Adult, Senior

Participants:

Participant is to be 18 years or older

Selection Rationale

The American Community Survey (ACS) is an ongoing survey by the U.S. Census Bureau. It regularly gathers information previously contained only in the long form of the decennial census.

The ACS asks about the work a person was doing and that person’s most important duties at that job to produce industry and occupation statistics.

These statistics are used to understand more about the labor force; to plan and measure education, employment, career development and job training programs; and to measure compliance with antidiscrimination policies.

The occupation scores from the General Social Survey were developed using a sample that is representative of the U.S. population and can therefore provide an unbiased prestige estimate.

The Occupational Classification Distributions includes three 5-digit occupational classifications. In the first classification, the first three digits are the 1970 U.S. census occupational codes, and the last two digits are the Hodge-Siegel-Rossi (HSR) prestige scores. In the second classification, the first three digits are the 1980 U.S. census occupational codes, and the last two digits are the NORC/General Social Survey (GSS) prestige scores. The third classification uses 2010 U.S. census occupational codes. This is important to see the changes in the occupation scores over time.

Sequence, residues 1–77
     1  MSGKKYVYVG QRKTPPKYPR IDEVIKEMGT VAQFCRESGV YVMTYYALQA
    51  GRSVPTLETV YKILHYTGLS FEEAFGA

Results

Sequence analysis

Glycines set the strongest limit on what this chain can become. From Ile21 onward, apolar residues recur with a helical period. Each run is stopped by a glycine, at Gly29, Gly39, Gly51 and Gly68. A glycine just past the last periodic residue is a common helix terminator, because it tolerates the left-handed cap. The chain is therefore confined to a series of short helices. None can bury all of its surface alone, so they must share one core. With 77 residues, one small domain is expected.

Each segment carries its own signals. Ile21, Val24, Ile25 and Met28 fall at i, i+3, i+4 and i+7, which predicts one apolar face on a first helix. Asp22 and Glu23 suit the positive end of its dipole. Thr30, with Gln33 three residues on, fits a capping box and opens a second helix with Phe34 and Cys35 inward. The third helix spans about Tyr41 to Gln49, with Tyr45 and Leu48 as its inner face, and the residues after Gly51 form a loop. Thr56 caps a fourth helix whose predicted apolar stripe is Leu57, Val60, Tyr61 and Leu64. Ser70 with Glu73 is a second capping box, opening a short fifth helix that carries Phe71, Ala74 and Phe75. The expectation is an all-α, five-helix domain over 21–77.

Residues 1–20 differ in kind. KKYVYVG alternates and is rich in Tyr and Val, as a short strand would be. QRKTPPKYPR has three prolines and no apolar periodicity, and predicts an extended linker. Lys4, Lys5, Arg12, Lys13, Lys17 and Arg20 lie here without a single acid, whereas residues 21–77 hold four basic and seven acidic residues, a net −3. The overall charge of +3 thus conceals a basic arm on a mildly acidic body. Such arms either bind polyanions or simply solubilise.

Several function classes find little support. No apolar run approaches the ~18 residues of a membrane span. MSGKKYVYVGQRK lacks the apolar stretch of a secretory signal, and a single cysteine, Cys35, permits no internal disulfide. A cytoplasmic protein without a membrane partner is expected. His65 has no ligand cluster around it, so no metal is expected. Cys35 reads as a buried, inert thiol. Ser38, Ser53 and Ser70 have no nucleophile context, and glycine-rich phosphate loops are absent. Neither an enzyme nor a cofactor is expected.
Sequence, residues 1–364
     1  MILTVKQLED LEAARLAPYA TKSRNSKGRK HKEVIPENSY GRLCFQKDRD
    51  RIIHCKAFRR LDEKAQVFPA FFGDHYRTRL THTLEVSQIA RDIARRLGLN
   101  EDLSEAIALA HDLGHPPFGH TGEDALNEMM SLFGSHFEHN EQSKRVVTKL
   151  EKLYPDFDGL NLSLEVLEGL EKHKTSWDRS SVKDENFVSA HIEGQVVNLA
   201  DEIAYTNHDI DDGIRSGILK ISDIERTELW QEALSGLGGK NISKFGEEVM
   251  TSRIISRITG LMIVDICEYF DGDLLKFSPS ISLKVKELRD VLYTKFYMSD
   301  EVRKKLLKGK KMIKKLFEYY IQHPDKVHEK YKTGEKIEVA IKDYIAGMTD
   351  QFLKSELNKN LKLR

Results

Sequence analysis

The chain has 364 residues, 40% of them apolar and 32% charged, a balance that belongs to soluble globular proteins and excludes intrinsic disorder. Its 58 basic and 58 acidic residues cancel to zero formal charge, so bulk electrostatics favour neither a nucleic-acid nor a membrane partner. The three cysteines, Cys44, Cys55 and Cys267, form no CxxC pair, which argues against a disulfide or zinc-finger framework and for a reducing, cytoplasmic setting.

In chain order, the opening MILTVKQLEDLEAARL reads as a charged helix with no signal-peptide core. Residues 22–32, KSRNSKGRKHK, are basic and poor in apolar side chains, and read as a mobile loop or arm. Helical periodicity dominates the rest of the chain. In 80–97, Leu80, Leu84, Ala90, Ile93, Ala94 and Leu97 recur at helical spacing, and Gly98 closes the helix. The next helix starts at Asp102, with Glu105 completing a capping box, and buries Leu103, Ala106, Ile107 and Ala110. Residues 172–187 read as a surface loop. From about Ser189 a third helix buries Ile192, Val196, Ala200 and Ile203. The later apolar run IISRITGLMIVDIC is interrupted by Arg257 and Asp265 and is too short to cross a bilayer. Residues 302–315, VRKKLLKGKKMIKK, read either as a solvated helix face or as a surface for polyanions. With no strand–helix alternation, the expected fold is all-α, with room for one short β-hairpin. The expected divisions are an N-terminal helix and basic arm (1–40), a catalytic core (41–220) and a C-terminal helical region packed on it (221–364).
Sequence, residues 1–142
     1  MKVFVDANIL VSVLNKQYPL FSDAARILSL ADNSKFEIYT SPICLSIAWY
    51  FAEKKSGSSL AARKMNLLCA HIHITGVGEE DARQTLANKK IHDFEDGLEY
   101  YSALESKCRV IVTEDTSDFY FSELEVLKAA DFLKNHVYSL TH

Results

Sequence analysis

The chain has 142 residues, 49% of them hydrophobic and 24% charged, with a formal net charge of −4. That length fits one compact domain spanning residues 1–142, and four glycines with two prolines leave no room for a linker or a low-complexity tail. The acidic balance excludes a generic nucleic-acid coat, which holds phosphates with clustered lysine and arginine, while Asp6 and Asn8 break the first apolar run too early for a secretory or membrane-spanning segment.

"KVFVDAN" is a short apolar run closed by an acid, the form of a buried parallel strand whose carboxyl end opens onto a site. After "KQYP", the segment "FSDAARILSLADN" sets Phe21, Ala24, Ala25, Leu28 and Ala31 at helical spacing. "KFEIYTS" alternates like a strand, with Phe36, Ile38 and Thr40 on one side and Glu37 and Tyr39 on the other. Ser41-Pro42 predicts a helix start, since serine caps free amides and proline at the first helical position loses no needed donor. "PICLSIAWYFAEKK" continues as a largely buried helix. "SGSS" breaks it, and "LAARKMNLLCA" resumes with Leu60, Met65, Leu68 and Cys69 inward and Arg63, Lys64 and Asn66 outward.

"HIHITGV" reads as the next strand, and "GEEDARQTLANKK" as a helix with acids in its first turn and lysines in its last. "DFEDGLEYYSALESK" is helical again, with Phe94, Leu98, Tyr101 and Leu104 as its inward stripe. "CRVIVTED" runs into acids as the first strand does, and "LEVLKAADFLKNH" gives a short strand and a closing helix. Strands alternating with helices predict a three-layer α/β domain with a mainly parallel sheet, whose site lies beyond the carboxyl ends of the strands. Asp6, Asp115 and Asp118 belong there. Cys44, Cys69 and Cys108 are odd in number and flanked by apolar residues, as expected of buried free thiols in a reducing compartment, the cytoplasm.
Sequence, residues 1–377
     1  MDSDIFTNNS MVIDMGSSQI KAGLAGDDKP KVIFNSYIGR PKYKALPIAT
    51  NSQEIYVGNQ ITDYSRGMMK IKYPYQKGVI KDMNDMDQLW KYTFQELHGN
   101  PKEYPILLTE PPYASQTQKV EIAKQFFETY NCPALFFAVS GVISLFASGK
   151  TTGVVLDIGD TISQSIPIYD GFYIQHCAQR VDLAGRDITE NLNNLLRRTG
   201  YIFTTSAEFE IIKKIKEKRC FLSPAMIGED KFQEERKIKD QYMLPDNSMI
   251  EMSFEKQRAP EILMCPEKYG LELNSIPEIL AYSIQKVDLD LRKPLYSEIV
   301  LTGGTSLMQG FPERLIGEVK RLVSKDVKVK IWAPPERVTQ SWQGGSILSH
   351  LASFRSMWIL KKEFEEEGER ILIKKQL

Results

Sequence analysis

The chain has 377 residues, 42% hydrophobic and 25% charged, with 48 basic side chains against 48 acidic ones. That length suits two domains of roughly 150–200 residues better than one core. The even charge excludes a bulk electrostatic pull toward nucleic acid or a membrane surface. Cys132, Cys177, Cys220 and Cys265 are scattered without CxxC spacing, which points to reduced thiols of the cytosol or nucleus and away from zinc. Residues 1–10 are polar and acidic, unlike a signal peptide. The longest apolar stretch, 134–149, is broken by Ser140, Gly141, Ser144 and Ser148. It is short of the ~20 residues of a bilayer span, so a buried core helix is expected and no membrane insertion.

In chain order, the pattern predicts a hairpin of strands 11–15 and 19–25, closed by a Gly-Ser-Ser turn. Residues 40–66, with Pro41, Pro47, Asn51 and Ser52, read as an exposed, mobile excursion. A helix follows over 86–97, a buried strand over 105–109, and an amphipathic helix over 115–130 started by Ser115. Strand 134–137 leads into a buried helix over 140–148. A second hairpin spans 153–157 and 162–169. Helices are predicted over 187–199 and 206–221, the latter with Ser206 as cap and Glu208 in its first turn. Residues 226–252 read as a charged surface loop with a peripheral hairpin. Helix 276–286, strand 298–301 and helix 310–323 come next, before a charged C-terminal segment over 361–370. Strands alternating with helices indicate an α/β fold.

The 2012 GSS occupational prestige study will be used in several ways. First, those occupational titles used in 2012 that were rated in the 1963-1965 and/or 1989 surveys can be used to study changes in the social standing of those specific occupations. Core occupations asked of all respondents would be most suitable for such analysis. Second, an occupational prestige variable (PRESTG10), based on the 2010 census classification of occupations (OCC10), will be created. It will be parallel to GSS variables PRESTIGE, based on the 1970 census codes (OCC) and the 1963-1965 HSR studies, and PRESTG80, based on the 1980 census codes (OCC80) and 1989 GSS prestige study. Similar occupational prestige variables will be created for the 2010 occupational variables for mother, father, and spouse (MAOCC10, PAOCC10, SPOCC10). Finally, the new occupational prestige variables will be used to create socioeconomic index (SEI) variables for respondents, mothers, fathers, and spouses parallel to the existing SEI variables for earlier occupational codes (SEI, MASEI, PASEI, SPSEI).

http://gss.norc.org/Documents/reports/methodological-reports/MR122%20Occupational%20Prestige.pdf